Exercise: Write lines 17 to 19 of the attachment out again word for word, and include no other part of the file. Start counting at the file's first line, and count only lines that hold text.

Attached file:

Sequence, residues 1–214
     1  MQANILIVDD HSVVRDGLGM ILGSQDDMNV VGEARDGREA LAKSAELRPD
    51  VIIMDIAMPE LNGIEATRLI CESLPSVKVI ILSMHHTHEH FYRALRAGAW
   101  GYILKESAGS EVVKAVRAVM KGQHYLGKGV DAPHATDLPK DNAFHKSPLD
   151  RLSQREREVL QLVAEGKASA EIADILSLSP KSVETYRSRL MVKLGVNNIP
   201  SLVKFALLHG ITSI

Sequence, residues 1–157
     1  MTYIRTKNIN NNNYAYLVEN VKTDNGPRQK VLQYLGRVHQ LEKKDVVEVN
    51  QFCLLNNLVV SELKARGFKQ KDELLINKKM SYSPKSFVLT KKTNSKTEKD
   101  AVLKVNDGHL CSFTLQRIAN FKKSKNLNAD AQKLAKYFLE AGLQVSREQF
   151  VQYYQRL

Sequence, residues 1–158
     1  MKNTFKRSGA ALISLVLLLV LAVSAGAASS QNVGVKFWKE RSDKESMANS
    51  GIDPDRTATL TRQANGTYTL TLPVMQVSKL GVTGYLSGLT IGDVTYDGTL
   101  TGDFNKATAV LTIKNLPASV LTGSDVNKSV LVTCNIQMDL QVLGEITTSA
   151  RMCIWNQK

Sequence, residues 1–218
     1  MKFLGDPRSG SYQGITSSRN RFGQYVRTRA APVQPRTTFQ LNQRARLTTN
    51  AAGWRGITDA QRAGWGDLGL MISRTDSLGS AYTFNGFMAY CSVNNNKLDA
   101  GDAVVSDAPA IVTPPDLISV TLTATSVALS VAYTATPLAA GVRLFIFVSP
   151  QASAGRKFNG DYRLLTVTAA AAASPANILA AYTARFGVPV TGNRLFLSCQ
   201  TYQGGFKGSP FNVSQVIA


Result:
Sequence, residues 1–218
     1  MKFLGDPRSG SYQGITSSRN RFGQYVRTRA APVQPRTTFQ LNQRARLTTN
    51  AAGWRGITDA QRAGWGDLGL MISRTDSLGS AYTFNGFMAY CSVNNNKLDA